Somers Dublin Ltd A/C KBCS v Monarch Pointe Fund Limited (In Liquidation)
Having applied to redeem your shares in a fund, but before being paid your redemption monies, you discover the fund is being wound up. Where do you stand in the creditors' line?
Why is there a question?
Last November a decision at first instance in the British Virgin Islands High Court ranked continuing and former members equally. This decision was overturned on appeal in the East Caribbean Supreme Court, which confirmed the BVI's position was that on distribution of the fund’s assets, external creditors come first, followed by former fund members, who have priority over continuing members before the distribution of any residual surplus. Although the appeal resolved the matter in line with other jurisdictions, whilst waiting for the appeal in BVI there had been some uncertainty.
So what would happen with a Cayman fund?
The Companies Law provides, at s 37 (7) (a) that if you had applied to redeem shares or the company had agreed to buy your shares back before the winding up began, then you can hold the company to the terms of your redemption or sale agreement. If you do so you do not continue as a member of the company, your shares are cancelled. This gives you priority over continuing members, but not over those who hold shares which have preferences which come before the capital rights of your shares.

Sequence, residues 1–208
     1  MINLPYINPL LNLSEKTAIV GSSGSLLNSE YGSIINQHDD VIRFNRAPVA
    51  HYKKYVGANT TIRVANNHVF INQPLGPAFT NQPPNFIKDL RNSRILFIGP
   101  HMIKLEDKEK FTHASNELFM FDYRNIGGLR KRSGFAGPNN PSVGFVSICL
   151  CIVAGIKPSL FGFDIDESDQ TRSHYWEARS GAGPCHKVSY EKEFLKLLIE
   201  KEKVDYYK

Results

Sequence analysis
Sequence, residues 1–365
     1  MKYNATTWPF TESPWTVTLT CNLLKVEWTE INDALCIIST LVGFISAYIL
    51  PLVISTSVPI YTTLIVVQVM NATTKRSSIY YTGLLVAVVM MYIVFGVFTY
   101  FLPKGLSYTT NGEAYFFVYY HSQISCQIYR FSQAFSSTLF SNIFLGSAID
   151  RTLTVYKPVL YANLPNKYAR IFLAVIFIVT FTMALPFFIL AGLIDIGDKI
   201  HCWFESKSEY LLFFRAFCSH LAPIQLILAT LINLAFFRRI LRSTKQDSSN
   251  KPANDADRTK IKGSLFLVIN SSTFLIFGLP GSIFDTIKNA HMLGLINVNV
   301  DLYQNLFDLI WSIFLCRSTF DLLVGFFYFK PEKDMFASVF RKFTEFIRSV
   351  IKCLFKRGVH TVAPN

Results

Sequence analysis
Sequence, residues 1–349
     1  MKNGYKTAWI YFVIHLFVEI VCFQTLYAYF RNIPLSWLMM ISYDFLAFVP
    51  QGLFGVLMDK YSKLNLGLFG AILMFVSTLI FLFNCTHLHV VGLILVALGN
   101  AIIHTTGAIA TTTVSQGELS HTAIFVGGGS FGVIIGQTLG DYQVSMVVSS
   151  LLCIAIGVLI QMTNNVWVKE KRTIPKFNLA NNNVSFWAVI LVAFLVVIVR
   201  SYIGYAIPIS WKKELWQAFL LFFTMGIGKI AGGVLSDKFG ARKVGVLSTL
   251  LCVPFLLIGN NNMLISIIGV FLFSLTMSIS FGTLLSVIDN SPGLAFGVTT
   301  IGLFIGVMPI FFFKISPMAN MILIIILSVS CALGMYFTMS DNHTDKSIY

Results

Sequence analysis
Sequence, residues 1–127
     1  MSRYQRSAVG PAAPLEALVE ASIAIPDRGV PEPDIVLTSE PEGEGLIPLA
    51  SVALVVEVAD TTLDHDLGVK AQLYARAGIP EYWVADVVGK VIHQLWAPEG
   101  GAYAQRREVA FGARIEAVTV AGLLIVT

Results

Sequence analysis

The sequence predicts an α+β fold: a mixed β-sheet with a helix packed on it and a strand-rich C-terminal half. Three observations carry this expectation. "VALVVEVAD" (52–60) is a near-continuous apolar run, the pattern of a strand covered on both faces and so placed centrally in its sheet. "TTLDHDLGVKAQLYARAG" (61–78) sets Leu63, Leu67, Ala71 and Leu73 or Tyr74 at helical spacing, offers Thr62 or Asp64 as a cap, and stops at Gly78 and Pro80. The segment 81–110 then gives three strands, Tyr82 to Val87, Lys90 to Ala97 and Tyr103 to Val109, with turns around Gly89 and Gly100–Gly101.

There are some provisos:
- The date when the redemption or purchase was to take place must precede the start of the winding up process;
- All external creditors are paid first;
- All shares which carry preferred rights (compared to the shares being redeemed) - whether capital or income - are paid up to the amount of those preferred rights;
- The fund could not have made a lawful distribution equal to the redemption or purchase price at any time between the redemption date and the start of the winding up.
The Cayman rules apply the logic that an agreement for redemption or buy back of shares is honoured where it was due to take place before any insolvency proceedings started. The shareholder with such an agreement stays behind external creditors, and preferred shareholders, but they are given preference over continuing members with equivalent shares. The recent BVI Court of Appeal decision means that the situation is the same in BVI and Cayman so if a Fund moved from BVI to Cayman the creditors and shareholders' rights in this situation would remain the same.